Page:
A striking characteristic of human thought is that we form representations about abstract kinds (Giraffes have purple tongues), despite experiencing only particular individuals (This giraffe has a purple tongue). These generic generalizations have been hypothesized to be a cognitive default, that is, more basic and automatic than other forms of generalization, including those involving quantifiers such as “all” or “most.” In support of this hypothesis, children often recall quantified statements (e.g., “All/many/most bears climb trees”) as generic (“Bears climb trees”), and do so more frequently than the reverse error of recalling generics as quantified. The present study provides a strong test of the generics-as-default position by testing whether even numerically quantified statements (e.g., “Five giraffes have purple tongues”) are recalled as generic. Two groups of three-year-old children (N = 74) were tested: those who held a correct numerical interpretation of five (“5-knowers”), and those who did not (“non-5-knowers”). Results indicate that non-5-knowers often defaulted to the generic in recall after hearing a number (e.g., recalling “Five giraffes.” as “Giraffes.”), whereas 5-knowers did not. Thus, consistent with the generic-as-default hypothesis, before children have a specific numerosity assigned to “five,” they display a tendency to recall numerically quantified phrases as generic.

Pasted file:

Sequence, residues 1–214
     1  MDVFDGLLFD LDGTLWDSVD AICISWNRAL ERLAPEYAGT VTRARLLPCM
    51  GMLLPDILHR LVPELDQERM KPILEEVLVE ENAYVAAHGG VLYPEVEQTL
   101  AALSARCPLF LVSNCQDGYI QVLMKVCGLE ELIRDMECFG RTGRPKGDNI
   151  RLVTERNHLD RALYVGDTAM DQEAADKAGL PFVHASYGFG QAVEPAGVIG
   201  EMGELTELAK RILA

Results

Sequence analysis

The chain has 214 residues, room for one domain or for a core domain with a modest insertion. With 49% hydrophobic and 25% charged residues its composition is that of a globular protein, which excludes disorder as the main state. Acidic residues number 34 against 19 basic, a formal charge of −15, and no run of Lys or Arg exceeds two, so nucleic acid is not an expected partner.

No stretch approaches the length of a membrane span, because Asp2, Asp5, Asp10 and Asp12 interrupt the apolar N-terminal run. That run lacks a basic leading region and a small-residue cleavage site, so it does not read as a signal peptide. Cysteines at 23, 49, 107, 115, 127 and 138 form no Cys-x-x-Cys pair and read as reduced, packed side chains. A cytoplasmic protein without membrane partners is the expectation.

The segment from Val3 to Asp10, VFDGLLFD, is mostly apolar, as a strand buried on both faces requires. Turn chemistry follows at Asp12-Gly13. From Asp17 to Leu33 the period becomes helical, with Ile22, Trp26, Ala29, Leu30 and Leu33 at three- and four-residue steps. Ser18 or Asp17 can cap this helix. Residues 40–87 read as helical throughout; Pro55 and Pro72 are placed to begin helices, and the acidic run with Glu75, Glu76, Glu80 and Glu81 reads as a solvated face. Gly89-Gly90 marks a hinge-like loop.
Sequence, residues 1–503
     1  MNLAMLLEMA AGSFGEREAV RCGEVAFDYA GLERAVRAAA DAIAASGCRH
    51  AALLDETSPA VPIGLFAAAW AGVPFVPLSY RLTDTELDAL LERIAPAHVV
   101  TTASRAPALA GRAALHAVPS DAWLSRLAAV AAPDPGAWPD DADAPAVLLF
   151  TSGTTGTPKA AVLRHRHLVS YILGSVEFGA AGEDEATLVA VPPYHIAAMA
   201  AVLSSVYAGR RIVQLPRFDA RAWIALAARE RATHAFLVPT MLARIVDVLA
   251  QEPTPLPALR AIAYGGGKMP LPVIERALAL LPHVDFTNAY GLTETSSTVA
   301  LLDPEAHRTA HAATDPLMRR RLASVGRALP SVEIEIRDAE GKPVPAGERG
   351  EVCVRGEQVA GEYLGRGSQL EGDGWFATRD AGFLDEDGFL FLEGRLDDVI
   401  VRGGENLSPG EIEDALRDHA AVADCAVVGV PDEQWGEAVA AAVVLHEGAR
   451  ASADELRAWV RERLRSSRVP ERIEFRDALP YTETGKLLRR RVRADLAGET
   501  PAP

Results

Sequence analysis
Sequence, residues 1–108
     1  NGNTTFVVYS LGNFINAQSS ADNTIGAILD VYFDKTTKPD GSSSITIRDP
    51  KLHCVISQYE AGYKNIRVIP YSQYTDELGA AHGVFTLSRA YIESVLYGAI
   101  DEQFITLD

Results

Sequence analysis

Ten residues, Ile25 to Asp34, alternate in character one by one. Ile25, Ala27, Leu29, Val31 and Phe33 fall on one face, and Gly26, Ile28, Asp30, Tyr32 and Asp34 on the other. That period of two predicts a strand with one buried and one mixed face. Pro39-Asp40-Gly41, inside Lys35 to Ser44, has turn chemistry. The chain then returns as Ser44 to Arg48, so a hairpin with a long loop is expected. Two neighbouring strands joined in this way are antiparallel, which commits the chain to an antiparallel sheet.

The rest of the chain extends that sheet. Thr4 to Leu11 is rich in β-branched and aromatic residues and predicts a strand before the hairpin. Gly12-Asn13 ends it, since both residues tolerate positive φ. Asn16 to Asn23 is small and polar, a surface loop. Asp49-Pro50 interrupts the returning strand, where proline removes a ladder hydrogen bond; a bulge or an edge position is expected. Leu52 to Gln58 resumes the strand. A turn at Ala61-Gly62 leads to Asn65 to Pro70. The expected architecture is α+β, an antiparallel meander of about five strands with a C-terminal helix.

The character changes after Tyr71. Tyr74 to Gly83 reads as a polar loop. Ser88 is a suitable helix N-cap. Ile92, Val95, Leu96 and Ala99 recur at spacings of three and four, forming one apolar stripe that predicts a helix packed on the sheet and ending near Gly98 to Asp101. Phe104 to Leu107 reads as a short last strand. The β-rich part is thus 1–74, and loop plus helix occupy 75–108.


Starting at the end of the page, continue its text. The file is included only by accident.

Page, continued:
All Science Journal Classification (ASJC) codes
- Language and Linguistics
- Linguistics and Language